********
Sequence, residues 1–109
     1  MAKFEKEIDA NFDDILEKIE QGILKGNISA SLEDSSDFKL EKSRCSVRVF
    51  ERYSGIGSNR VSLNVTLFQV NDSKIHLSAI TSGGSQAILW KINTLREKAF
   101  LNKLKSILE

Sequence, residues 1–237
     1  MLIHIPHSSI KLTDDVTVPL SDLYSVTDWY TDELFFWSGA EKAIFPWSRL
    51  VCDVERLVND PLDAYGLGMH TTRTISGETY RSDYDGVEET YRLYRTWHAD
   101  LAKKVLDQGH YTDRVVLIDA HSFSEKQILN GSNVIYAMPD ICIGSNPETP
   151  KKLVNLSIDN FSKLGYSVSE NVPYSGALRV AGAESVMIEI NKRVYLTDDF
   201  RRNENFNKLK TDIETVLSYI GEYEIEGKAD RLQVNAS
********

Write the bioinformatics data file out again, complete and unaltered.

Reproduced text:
Sequence, residues 1–109
     1  MAKFEKEIDA NFDDILEKIE QGILKGNISA SLEDSSDFKL EKSRCSVRVF
    51  ERYSGIGSNR VSLNVTLFQV NDSKIHLSAI TSGGSQAILW KINTLREKAF
   101  LNKLKSILE

Sequence, residues 1–237
     1  MLIHIPHSSI KLTDDVTVPL SDLYSVTDWY TDELFFWSGA EKAIFPWSRL
    51  VCDVERLVND PLDAYGLGMH TTRTISGETY RSDYDGVEET YRLYRTWHAD
   101  LAKKVLDQGH YTDRVVLIDA HSFSEKQILN GSNVIYAMPD ICIGSNPETP
   151  KKLVNLSIDN FSKLGYSVSE NVPYSGALRV AGAESVMIEI NKRVYLTDDF
   201  RRNENFNKLK TDIETVLSYI GEYEIEGKAD RLQVNAS